(Medical Xpress)—Getting high-quality anti-malarial drugs to people in places like Zanzibar and Mozambique is a tricky business.
A 2009 program, called the Affordable Medicines Facility-malaria, or AMFm, tried to do it by giving subsidies directly to drug manufacturers, but critics are now saying that the program has promoted dangerous misuse of these expensive medications. A new study co-authored by a University of Florida researcher, however, suggests that misuse is a bigger problem in some areas than others, and that an AMFm-like approach could still have value in some regions.
The study is published in the Nov. 2 edition of the journal Science.
"It's a bit silly to talk about the private sector market for anti-malarials in Africa in general terms because there is so much variation in malaria prevalence, availability of health services, finances and culture within the region," said Justin Cohen, senior technical adviser for the Clinton Health Access Initiative and lead author of the study.
A "one-size-fits-all" approach to working with the private sector in Africa will inevitably be an ill fit for some places, he said.
In many African countries, more people have access to privately run health facilities or drug stores than to public health institutions, so using them as a means to get better quality medicines to people in outlying areas is an attractive strategy. However, the decentralized nature of the private sector has also made it difficult to assess how many drugs are being purchased and how the drugs are being used.
"Part of the problem has been that we've never had good information for how big the private sector market is for anti-malarials in sub-Saharan Africa," Cohen said.
Andrew Tatem, associate professor of geography at UF's Emerging Pathogens Institute, was able to help in that regard.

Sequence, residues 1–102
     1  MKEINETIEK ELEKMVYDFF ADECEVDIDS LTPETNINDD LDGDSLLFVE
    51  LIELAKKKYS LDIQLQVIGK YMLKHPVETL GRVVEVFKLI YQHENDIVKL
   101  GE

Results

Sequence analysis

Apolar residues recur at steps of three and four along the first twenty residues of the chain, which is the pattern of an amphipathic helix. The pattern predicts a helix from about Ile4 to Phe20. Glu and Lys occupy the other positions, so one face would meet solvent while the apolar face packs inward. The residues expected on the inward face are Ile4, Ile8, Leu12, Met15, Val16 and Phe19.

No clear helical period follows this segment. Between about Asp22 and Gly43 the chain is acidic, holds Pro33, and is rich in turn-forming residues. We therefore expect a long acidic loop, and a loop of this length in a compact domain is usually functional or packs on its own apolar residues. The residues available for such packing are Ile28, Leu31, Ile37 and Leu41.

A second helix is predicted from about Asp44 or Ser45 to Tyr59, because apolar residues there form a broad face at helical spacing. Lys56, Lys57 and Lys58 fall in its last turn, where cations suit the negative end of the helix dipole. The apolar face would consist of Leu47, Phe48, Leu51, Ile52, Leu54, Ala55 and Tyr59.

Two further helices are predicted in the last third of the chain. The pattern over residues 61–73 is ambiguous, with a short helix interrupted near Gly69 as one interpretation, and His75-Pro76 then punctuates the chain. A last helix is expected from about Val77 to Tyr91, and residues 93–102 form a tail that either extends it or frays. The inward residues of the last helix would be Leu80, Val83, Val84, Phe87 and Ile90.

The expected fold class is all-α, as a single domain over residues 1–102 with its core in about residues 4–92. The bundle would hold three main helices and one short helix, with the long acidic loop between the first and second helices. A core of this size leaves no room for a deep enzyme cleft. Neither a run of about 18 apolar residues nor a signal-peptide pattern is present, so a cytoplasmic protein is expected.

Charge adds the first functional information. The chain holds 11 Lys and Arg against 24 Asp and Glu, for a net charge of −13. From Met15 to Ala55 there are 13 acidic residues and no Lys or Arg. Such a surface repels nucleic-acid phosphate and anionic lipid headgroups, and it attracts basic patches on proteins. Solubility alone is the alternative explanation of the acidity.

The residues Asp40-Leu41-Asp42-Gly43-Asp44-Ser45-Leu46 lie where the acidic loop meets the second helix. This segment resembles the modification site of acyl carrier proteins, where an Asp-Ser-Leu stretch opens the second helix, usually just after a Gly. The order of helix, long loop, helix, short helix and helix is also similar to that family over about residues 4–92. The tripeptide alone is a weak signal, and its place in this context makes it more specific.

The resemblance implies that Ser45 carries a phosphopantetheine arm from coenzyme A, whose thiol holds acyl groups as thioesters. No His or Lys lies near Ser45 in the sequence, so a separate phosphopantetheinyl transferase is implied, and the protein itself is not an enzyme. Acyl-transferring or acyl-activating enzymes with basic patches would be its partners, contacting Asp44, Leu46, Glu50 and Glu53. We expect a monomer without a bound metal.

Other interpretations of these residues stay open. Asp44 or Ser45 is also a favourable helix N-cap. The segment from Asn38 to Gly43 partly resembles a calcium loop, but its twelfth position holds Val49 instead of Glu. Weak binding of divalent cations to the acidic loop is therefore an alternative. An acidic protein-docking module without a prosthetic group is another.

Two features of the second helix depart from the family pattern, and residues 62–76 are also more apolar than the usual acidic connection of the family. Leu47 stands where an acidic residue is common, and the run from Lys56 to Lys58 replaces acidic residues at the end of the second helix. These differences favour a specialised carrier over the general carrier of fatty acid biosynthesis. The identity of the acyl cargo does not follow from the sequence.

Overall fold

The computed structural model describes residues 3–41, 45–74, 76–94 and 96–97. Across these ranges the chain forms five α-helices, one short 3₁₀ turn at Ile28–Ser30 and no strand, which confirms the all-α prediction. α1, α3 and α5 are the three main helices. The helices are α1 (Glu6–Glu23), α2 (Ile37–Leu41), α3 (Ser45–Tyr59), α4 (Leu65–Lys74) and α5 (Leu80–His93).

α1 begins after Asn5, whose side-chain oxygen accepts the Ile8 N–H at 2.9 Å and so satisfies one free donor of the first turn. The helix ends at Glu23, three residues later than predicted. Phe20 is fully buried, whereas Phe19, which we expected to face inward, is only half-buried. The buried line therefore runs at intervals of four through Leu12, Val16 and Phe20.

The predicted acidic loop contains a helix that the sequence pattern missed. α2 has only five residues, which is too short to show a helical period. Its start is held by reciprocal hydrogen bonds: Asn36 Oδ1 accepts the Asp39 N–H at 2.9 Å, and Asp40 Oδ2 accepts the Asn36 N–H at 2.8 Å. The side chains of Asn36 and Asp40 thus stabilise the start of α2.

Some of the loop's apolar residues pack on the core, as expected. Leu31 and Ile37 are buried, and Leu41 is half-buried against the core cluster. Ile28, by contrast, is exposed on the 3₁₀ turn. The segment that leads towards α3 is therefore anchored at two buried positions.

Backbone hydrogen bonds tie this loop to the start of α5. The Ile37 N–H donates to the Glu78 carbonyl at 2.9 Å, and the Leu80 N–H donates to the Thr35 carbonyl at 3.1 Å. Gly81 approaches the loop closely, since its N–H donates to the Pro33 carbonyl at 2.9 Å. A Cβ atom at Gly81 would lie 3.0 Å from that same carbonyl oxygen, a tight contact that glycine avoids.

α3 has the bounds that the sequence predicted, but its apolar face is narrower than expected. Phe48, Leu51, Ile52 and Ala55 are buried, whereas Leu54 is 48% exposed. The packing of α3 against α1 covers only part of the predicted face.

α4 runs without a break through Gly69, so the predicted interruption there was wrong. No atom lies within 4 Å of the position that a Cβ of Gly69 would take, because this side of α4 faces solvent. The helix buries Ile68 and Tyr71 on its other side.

Tatem combined population data from a project he runs called AfriPop with sub-Saharan household survey information to estimate the number of people buying anti-malarials from private sector markets. The team then combined the results with data from the Malaria Atlas Project to see how demand for medication stacked up against known rates of malaria infection.
"We found that in some regions, as few as 5 percent of the people taking anti-malarials likely had malaria." Tatem said.
Malaria is often assumed to be the culprit when children run a fever in sub-Saharan Africa. When that happens, parents will often treat it with anti-malarials the way that Americans might treat flu symptoms with a cold medicine.
Taking the drugs when they are not needed wastes money, and it could possibly cause drug-resistant strains of malaria to develop. Cohen said that AMFm critics aren't wrong when they say that programs should be providing more diagnostic tests along with these medications. The study notes that while 655 million people purchased anti-malarial medications, only about 50 million rapid diagnostic tests were delivered globally in 2010.
However, Cohen said that increasing access to affordable drugs even in the absence of diagnosis may be a good short-term strategy in places like Nigeria where infection rates are high.
"Ultimately, everyone should receive effective diagnosis and the appropriate treatment for the true cause of their illness," Cohen said. "But in the short term, if most people in an area have malaria, we can do a lot of good by increasing accessibility to higher quality malaria drugs."
Testing everyone who needs it will be expensive and resources are currently limited. According to the study, donations for malaria control declined in 2012 for the first time in a decade.
"It's great to talk in the abstract about how things should be ideally," Cohen said. "But in the end, you have to get going and do your best with what you have."